CWRU Network ID Passphrase

Passphrases are created upon the activation of the CWRU Network ID.  Passphrases expire after 365 days, except if the user is enrolled in multifactor authentication using Duo Security. You will receive email notifications prior to your passphrase's expiration date. Prior to your passphrase's expiration date, it can be changed. If you forget your passphrase, it can be reset at the passphrase reset page.

IMPORTANT: CWRU will never ask for your passphrase via email. If you receive an email asking for your CWRU Network ID passphrase, it is a phishing email meant to steal your credentials. NEVER give out your CWRU Network ID passphrase!

CWRU passphrase requirements are as follows:

  • May not reuse current or previous 4 passphrases
  • Minimum acceptable character length of 12
  • Maximum acceptable character length of 32
  • Minimum complexity is required to ensure passphrases will be strong, as indicated by a “green” score on the passphrase meter display during the creation of a passphrase

What is a CWRU passphrase:

A passphrase is a sentence-like string of words, spaces and/or symbols used for authentication that is longer than a traditional password, easy to remember and difficult to crack.

What to include in your passphrase:


A passphrase must have a minimum of 12 characters and no more than 32 characters


A passphrase must achieve a minimum complexity rating before it will be considered strong enough. The complexity of a passphrase is calculated during its creation. A passphrase will not be accepted if it has not obtained a minimum complexity rating. Note that it is the randomness of the characters and words and NOT the complexity of the concept within the passphrase which makes it complex.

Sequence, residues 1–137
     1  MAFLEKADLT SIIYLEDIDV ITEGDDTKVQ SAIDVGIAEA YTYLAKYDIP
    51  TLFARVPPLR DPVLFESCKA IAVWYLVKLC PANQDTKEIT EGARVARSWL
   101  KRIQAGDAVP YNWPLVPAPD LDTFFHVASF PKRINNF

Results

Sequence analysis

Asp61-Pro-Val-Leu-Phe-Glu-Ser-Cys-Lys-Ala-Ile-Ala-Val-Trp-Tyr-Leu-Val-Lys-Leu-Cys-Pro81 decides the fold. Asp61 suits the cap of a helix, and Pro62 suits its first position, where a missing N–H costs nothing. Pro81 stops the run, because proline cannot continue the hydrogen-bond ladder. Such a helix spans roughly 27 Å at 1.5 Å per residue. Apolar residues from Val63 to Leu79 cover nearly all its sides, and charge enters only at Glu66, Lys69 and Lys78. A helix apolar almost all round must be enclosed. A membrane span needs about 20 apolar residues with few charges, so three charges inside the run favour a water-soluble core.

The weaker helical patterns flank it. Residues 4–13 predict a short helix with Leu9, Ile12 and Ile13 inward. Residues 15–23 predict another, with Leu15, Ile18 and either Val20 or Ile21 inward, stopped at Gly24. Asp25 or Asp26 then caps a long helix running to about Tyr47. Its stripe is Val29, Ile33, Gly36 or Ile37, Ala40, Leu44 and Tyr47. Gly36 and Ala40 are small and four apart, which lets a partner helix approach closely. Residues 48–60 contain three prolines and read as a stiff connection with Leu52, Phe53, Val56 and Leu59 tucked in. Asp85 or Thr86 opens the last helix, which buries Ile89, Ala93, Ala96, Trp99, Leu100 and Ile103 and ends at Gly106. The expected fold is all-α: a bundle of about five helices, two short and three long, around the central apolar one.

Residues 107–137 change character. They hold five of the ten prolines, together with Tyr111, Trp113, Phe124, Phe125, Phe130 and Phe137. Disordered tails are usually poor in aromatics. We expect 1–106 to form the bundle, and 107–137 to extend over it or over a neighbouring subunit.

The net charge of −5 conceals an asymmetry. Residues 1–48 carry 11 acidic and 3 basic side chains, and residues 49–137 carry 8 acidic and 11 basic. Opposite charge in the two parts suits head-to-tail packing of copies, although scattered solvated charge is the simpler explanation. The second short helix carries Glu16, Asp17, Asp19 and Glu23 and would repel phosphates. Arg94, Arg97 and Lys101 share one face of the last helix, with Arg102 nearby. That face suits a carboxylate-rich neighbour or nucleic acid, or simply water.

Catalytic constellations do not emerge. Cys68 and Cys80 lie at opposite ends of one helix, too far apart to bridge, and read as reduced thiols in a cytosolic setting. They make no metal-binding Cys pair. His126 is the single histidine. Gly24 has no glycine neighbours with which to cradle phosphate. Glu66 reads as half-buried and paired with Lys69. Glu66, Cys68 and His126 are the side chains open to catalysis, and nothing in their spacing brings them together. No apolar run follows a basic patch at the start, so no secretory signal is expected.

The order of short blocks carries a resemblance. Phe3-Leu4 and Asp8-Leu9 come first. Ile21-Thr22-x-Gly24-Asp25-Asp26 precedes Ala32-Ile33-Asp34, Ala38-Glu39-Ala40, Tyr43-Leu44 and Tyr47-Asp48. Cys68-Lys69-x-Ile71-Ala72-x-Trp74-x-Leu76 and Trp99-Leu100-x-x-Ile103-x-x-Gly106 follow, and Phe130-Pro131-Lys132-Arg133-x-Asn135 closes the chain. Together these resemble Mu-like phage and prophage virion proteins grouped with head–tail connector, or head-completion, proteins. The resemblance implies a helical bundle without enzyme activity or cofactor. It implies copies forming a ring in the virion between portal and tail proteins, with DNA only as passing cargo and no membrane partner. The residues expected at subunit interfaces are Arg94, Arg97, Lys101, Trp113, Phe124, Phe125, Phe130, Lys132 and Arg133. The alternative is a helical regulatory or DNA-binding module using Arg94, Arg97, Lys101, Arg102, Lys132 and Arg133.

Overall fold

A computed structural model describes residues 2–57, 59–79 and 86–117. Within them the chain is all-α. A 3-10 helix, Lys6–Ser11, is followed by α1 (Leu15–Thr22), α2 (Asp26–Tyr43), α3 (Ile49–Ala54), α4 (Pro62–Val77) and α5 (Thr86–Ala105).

The minimum complexity score can be penalized if a passphrase includes the user's ID, first or last name; or other common words (such as: CWRU, CASE, Western, Reserve, password, computer, etc). These words are not illegal, but will require more effort (using different words and/or symbols, make it longer, doing character substitution) to ensure the passphrase meets the minimum complexity rules to ensure it is strong. 

Character substitution

Character substitution can be used to help make a passphrase more complex. Use a combination of letters and symbols that look similar and don't forget that you can press the shift key to get something different.

Examples of character substitutions:

  • s=S=$
  • l=L=1=!
  • e=E=3=#
  • o=O=0=)

Example passphrase with character substitution:

  • Simple (status: BAD): 
    • Five expensive clowns
  • With character substitution (Status: Excellent): 
    • 5ive ex?en$ive (lowns

Examples of acceptable passphrases:

NOTE: Do not use these examples for your own passphrase

  • correct horse battery staple
  • ! am gr8 @ p33ling apple$
  • Hens crossed the ro8d 
  • Jazz hands chap easily
  • I h8t passphrases so much
  • *2523LLbank@LYZeeRiver

 During the period that users are enrolled in CWRU Duo Security two-factor authentication system, they will no longer need to change their login passphrases annually.

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Service Contacts


  • UTech Identity Management


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